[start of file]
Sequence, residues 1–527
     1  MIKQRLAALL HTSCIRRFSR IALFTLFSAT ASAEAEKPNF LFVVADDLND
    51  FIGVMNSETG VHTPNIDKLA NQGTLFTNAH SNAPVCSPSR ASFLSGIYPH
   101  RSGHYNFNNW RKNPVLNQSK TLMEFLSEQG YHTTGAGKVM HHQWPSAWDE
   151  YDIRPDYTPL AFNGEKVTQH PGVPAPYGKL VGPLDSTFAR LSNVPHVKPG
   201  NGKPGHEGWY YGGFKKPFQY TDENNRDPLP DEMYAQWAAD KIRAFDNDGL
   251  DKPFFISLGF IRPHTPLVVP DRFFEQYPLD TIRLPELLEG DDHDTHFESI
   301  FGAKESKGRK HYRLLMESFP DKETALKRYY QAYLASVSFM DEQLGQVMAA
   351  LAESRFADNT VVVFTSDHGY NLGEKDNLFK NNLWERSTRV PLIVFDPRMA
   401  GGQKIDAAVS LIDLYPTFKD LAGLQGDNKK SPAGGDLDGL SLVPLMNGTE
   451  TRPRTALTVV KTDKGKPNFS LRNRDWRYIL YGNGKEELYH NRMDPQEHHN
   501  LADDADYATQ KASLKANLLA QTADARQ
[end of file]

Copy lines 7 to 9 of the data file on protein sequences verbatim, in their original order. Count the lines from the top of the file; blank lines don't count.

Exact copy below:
   251  DKPFFISLGF IRPHTPLVVP DRFFEQYPLD TIRLPELLEG DDHDTHFESI
   301  FGAKESKGRK HYRLLMESFP DKETALKRYY QAYLASVSFM DEQLGQVMAA
   351  LAESRFADNT VVVFTSDHGY NLGEKDNLFK NNLWERSTRV PLIVFDPRMA